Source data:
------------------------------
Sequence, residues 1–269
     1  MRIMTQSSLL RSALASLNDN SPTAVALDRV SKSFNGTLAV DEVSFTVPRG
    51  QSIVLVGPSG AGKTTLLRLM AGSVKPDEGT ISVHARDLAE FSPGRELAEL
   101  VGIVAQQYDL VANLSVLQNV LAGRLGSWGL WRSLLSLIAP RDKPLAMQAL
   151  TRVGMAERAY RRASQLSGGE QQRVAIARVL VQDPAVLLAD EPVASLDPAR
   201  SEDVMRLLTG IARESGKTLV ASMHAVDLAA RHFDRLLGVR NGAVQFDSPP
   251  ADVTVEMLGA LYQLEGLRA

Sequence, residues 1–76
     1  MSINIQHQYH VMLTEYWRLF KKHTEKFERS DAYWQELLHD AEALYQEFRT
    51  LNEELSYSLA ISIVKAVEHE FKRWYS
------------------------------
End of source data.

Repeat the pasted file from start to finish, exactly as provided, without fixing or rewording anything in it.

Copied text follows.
Sequence, residues 1–269
     1  MRIMTQSSLL RSALASLNDN SPTAVALDRV SKSFNGTLAV DEVSFTVPRG
    51  QSIVLVGPSG AGKTTLLRLM AGSVKPDEGT ISVHARDLAE FSPGRELAEL
   101  VGIVAQQYDL VANLSVLQNV LAGRLGSWGL WRSLLSLIAP RDKPLAMQAL
   151  TRVGMAERAY RRASQLSGGE QQRVAIARVL VQDPAVLLAD EPVASLDPAR
   201  SEDVMRLLTG IARESGKTLV ASMHAVDLAA RHFDRLLGVR NGAVQFDSPP
   251  ADVTVEMLGA LYQLEGLRA

Sequence, residues 1–76
     1  MSINIQHQYH VMLTEYWRLF KKHTEKFERS DAYWQELLHD AEALYQEFRT
    51  LNEELSYSLA ISIVKAVEHE FKRWYS